Unlocking the Atlantic shelf

May 15, 2017
Attendees of the annual Offshore Technology Conference over May 1-4 in Houston were more optimistic this year.

Tayvis Dunnahoe
Exploration Editor

Attendees of the annual Offshore Technology Conference over May 1-4 in Houston were more optimistic this year. A new administration, the promise of fewer regulations, and the opening of exploration acreage along the US Continental Shelf (OCS) signal progress for ramping up offshore operations.

Sec. of the Interior Ryan Zinke began the process of expanding offshore drilling on May 8. Secretarial Order 3550 directed the US Bureau of Ocean Energy Management to develop a 5-year federal OCS leasing program that gives full consideration to tracts off Alaska, South and Mid-Atlantic states, and the Gulf of Mexico (OGJ Online, May 2, 2017). Zinke told OTC attendees that BOEM is instructed to give expedited consideration to seismic testing on the OCS.

Early exploration

While Alaska and the Gulf of Mexico are known to hold large quantities of oil and gas, "Little is known about this [Atlantic shelf] area, but it does not appear to be as attractive as other regions," then-Mobile Oil Vice-Pres. T.W. Nelson told OGJ at an offshore conference in 1966 (OGJ, July 4, 1966, p. 54). Later that year, the industry would shoot some of the earliest 2D seismic jobs along the Atlantic Coast. By 1988, early explorers had acquired seismic coverage for most of the Atlantic seaboard.

Despite having these data sets, the area's potential remains unknown.

The Washington Post reported on Jan. 14, 1979: "Despite Gulf Oil Corp.'s announcement last week that it has abandoned the seventh wildcat well in the Baltimore Canyon off the mid-Atlantic Coast, government geologists remain optimistic about the prospects for finding significant amounts of oil and gas there." Baltimore Canyon, which lies 70 miles east of Atlantic City, NJ, yielded one small gas discovery for a Texaco Inc.-led consortium around this time, but subsequent wells proved disappointing. Former Mobil Oil Corp. fought hard in 1991-92 to drill the Manteo prospect off North Carolina but failed to permit the well (OGJ, July 22, 1991, p. 21). From 1977-83 the petroleum industry drilled 32 dry wildcats off the mid-Atlantic region.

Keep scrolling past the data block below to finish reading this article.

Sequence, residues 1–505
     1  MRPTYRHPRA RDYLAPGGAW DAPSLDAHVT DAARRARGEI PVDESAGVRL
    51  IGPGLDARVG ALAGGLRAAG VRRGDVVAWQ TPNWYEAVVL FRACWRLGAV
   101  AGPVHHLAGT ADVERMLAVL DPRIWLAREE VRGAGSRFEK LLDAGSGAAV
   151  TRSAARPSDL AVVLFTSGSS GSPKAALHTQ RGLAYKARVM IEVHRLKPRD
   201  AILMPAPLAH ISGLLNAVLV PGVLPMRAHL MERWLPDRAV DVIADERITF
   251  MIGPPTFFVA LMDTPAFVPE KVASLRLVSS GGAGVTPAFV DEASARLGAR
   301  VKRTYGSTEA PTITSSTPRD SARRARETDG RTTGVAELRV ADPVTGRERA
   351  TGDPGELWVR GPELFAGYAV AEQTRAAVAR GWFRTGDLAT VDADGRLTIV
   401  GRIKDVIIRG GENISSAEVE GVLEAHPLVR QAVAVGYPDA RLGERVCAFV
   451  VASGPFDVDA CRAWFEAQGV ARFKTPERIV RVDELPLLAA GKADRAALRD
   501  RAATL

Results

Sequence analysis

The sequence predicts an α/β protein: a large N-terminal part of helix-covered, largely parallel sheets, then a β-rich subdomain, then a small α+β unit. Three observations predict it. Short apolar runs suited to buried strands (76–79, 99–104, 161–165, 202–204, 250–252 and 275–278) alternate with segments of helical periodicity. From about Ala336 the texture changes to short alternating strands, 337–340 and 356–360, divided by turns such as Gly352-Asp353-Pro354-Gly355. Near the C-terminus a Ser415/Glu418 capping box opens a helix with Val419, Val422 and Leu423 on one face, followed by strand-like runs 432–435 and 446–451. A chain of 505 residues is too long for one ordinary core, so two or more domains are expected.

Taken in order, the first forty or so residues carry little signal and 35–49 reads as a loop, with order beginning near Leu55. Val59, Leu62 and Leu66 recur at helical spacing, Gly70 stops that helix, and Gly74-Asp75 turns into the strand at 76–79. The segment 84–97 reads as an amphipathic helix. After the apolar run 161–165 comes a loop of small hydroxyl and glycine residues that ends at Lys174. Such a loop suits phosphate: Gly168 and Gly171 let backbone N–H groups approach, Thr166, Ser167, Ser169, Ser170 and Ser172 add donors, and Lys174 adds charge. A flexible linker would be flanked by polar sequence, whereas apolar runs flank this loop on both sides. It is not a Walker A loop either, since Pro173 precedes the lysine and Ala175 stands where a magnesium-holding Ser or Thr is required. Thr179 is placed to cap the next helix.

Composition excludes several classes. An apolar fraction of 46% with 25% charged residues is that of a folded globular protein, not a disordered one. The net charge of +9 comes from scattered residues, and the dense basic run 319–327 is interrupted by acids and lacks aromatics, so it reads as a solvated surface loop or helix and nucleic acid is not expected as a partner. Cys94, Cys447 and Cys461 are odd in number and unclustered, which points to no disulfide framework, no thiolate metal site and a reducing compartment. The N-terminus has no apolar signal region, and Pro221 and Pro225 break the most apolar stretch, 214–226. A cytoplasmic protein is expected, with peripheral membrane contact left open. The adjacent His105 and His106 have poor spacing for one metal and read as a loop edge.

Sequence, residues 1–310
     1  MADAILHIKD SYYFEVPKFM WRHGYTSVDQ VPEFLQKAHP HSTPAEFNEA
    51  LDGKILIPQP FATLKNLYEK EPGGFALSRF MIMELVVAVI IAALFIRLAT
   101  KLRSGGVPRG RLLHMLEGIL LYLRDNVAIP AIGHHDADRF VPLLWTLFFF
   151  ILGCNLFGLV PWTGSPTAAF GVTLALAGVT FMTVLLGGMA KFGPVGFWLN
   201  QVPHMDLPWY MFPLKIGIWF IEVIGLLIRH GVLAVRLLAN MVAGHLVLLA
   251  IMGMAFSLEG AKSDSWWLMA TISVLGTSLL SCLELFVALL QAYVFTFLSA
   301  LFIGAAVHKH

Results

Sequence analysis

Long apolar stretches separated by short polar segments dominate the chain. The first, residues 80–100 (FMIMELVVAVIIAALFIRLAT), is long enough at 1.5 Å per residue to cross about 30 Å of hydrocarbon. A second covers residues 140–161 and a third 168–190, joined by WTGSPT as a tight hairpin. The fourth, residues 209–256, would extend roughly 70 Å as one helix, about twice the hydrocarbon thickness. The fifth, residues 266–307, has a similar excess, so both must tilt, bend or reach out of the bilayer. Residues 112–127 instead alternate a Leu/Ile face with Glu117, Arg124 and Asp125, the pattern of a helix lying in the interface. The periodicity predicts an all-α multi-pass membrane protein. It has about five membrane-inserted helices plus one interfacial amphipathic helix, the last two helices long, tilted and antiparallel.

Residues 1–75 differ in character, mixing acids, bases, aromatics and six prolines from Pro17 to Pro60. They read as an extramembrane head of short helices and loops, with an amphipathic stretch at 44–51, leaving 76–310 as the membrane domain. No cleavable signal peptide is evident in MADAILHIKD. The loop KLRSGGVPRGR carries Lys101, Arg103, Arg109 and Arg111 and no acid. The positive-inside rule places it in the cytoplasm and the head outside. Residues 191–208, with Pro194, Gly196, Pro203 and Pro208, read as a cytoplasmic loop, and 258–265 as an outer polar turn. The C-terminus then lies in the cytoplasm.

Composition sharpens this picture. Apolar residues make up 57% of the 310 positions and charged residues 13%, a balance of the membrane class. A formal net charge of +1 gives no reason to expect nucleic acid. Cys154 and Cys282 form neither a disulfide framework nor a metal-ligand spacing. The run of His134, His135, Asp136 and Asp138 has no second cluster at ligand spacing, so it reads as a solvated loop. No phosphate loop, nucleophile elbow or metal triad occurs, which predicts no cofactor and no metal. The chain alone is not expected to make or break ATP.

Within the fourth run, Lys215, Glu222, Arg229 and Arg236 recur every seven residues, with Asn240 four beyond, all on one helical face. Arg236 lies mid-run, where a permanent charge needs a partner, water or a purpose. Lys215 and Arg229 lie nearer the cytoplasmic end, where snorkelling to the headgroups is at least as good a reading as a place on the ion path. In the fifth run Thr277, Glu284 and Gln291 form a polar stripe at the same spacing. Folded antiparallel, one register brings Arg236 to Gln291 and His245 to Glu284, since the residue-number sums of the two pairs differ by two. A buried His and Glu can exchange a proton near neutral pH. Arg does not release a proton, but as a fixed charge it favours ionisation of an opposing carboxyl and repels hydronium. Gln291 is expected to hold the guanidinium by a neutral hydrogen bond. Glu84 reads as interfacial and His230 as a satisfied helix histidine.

The Carolina trough could hold as much as 690 million bbl of oil and 16.25 tcf of gas but no commercial discovery has been made to date (OGJ, Feb. 17, 1992, p. 84). Advanced seismic tools could potentially confirm these resources but market and political forces place development well into the future.

Today's market forces

Exploration companies are optimistic, but the downturn has increased caution for entering unproved areas.

Even if seismic along the Atlantic Coast revealed landmark potential for oil and gas, development would likely be shelved in the near term as capital remains constrained. The lack of infrastructure, the need to retool onshore facilities, and the general historical resistance from many of the 13 states along the Atlantic seaboard will not equate to an Atlantic shelf oil boom without major investment (OGJ Online, July 28, 2014).

An alternative

As Atlantic OCS exploration remains uncertain, offshore wind energy is entering the region. On Dec. 12, 2016, Deepwater Wind powered up its Block Island Wind Farm off Rhode Island. The 30-Mw, five-turbine facility is the first offshore wind farm with commercial operations in the US.

The utility company announced its South Fork Wind Farm off Long Island on Jan. 25, which will consist of 15 advanced offshore wind turbines with a capacity of 90 Mw. Pending permitting schedules, construction is expected to start in 2019 and start-up operations by 2022. The 15-turbine Skipjack Wind Farm is in the early planning phase for Maryland's eastern shore and will generate 120 Mw of electricity with construction beginning in 2021.

The company also is pursuing a giant 1,000-Mw wind farm, Deepwater ONE, to supply New England and eastern Long Island from federal waters over the horizon. The phased project will eventually consist of more than 200 turbines with 1 Gw capacity.

Despite the policy roadblocks faced by the oil and gas industry, energy is finding its footing on the Atlantic Coast.